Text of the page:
It is now five years since we were hostage to a physical PC, thanks to VMware desktop virtual computing. Of course there is hardware on our desk but it's little more than a shell hosting the virtual PC that does the real work. That's why we ran, not walked, to grab a pre-release copy of VMware Workstation 7. Traditional physical computing, frankly, stinks. The operating system and applications perch precariously on hardware that fails infrequently but catastrophically.
If everything goes horribly wrong, years of careful set up are lost. Switching to new hardware means hours or even days of reinstallation of favourite tools - if you can locate their installers, and if they work with the new machinery that is.
With VMware, disaster recovery or hardware upgrade means only installing a vanilla operating system on a PC, then VMware, and then firing up the virtual machine. Perhaps restore some drive mappings and you're ready for action. We once changed jobs and relocated our entire working environment from one building to another in 30 minutes. And because a VM is really just a large computer file, we always have a fresh back up to fire up in moments.
VMware 7 runs under Windows 7 as an application and uses it as a guest operating system better than its predecessor. With 4 gigabytes of RAM and a pacey processor in the physical machine, a Windows 7 VM is agile and stable. Although it doesn't seem to handle complex 3D graphics quite as well as a real world Win7 box, it runs the benchmark Aero theme effortlessly.
Unless you're planning on heavyweight engineering design work or extreme gaming, VMware will be fine in the graphics department.
The developers have buffed off three rough edges in the old code.
VMware Tools, some code that helps the virtual machine to interact more smoothly with the physical one, now updates with less fuss. And virtual machines can now print to many standard printers without needing to have specific printer drivers installed.
This is a boon for mobile and contract workers, who can now take a virtual PC into a new workplace on a USB stick and use the available printers with no additional software. They call it virtual printing.
No idea why, since it really does print.
Version 7 shares sound devices well with the real world PC and other VMs. Previously, virtual machines wrestled for sonic dominance with ugly results. Now you can run simultaneous Skype conversations on two VMs.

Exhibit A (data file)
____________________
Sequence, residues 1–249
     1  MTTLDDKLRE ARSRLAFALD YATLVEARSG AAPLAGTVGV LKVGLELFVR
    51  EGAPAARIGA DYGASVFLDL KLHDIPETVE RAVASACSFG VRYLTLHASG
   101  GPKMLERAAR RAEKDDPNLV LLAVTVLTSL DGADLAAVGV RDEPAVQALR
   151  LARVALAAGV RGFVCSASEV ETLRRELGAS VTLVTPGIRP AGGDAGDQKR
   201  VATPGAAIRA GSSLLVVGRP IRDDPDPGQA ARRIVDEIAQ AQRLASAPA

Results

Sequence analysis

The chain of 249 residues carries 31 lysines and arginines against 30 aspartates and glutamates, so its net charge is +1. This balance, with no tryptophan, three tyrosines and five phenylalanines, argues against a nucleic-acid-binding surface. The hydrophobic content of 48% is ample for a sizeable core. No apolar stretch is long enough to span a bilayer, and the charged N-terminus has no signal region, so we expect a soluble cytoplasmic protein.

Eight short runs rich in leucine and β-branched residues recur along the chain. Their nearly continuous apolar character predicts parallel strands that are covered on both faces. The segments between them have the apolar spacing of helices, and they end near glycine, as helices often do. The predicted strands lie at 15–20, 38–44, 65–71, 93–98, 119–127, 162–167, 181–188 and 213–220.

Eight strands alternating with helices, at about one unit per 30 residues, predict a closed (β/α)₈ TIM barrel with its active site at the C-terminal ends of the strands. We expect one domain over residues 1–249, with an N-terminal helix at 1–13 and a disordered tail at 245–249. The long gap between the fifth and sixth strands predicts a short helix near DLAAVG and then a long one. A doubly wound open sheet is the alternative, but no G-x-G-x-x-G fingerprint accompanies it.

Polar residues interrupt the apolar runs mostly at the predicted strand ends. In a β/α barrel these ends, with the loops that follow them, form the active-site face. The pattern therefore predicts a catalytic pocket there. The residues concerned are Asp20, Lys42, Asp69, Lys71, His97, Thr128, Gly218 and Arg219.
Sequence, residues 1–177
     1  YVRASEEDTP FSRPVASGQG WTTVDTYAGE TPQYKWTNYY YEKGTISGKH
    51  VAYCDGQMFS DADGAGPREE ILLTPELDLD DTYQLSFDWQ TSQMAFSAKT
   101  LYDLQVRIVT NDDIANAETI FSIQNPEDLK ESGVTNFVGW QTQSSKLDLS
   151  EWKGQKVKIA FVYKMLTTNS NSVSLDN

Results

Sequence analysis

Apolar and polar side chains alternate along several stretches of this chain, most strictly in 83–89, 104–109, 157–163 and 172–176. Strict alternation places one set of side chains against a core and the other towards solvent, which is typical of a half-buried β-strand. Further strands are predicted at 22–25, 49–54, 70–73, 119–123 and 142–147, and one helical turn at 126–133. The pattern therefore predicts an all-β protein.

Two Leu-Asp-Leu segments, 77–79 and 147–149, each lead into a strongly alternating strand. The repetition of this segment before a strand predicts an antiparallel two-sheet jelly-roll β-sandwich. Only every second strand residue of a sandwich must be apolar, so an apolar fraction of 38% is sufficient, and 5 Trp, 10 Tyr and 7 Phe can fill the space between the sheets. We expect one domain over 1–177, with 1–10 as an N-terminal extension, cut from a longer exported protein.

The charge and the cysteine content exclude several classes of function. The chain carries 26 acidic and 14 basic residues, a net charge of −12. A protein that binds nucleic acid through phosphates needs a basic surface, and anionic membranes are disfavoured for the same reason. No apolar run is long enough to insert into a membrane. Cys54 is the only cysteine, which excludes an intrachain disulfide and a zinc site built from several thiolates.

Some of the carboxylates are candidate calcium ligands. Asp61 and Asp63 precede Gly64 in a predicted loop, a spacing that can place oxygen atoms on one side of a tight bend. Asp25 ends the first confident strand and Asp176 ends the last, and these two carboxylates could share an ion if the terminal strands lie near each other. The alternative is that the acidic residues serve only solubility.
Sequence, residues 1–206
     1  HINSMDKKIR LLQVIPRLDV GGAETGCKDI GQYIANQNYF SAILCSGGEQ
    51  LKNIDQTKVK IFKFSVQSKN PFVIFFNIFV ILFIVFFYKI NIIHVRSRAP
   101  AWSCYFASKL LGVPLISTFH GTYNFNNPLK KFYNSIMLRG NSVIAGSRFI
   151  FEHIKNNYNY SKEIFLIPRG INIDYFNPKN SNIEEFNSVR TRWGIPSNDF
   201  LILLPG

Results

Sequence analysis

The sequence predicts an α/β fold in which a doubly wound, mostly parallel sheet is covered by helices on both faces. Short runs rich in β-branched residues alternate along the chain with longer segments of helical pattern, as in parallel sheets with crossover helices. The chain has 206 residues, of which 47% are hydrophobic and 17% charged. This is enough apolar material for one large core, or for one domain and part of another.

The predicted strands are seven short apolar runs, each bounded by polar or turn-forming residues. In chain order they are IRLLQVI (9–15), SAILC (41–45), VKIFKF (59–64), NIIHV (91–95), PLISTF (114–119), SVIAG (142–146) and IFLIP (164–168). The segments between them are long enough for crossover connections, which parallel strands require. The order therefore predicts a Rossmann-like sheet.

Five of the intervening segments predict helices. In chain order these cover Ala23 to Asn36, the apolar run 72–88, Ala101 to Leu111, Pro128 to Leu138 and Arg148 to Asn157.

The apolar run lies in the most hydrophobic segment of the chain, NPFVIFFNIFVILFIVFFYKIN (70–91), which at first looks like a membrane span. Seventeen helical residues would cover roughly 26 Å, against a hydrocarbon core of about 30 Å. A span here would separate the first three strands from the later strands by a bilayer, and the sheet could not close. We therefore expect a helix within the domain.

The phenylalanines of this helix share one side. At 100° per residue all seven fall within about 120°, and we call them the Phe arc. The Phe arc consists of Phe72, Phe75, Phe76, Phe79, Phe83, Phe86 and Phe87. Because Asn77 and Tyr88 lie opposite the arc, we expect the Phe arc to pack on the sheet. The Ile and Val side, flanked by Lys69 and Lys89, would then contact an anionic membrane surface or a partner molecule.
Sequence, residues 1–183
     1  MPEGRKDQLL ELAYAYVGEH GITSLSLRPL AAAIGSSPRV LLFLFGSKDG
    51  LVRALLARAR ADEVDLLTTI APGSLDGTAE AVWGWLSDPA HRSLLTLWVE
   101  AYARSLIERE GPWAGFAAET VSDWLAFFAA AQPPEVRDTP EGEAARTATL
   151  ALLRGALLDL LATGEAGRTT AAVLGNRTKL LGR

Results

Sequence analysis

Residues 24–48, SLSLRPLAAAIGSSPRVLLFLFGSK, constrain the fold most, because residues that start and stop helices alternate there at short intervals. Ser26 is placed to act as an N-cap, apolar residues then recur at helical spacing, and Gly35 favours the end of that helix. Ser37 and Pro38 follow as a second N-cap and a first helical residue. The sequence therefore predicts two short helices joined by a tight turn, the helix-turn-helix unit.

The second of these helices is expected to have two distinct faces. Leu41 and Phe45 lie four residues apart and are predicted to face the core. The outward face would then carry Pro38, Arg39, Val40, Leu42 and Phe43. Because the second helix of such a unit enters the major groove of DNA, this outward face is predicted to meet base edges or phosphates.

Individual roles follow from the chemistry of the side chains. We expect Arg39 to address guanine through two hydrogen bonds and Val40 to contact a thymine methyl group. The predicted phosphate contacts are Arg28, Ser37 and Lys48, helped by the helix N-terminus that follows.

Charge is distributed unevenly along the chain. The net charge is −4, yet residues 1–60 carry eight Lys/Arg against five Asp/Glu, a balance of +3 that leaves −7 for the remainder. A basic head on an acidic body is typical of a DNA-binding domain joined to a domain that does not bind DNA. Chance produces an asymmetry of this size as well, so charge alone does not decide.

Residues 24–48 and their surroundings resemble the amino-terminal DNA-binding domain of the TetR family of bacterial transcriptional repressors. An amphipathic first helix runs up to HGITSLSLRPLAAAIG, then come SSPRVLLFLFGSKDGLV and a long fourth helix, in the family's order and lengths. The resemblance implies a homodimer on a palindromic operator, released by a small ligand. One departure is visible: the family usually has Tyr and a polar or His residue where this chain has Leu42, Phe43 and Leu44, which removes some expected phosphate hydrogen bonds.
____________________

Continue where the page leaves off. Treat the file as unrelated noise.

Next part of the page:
We like to duplicate the VM file and keep a copy off site as a personal business continuity strategy, but we also make use of the quick snapshot feature to guard against minor mishaps.
Before we install a new program, there's always a snapshot made in case of the unexpected. Version 7 will automatically create snapshots at scheduled intervals.
There's now an instant pause control to free up system resources on demand. We have a dedicated virtual machine for video production, with all the tools we need for that, and a separate one set up as a sound studio.
Running both together can stress the most powerful hardware if the video suite tries to render a movie while the sound system is converting a long soundtrack. VMware can now ice one machine so that the other gets the resources it needs to crunch the big job.
Similar to Adobe's Acrobat reader, VMware offers a free player program that runs virtual machines but, until now, could not create them. VMware Player 7 can at last create VMs.
The developer is tight-lipped about a release date for this upgrade but with the release candidate already spreading far and wide it can be only a matter of weeks.
Besides, Windows 7 hit the shelves days ago and one of the most attractive uses for VMware 7 is to afford Win7 enthusiasts a perfect blank canvas for the new operating system.
Peter Moon is a partner in Logie-Smith Lanyon Lawyers.
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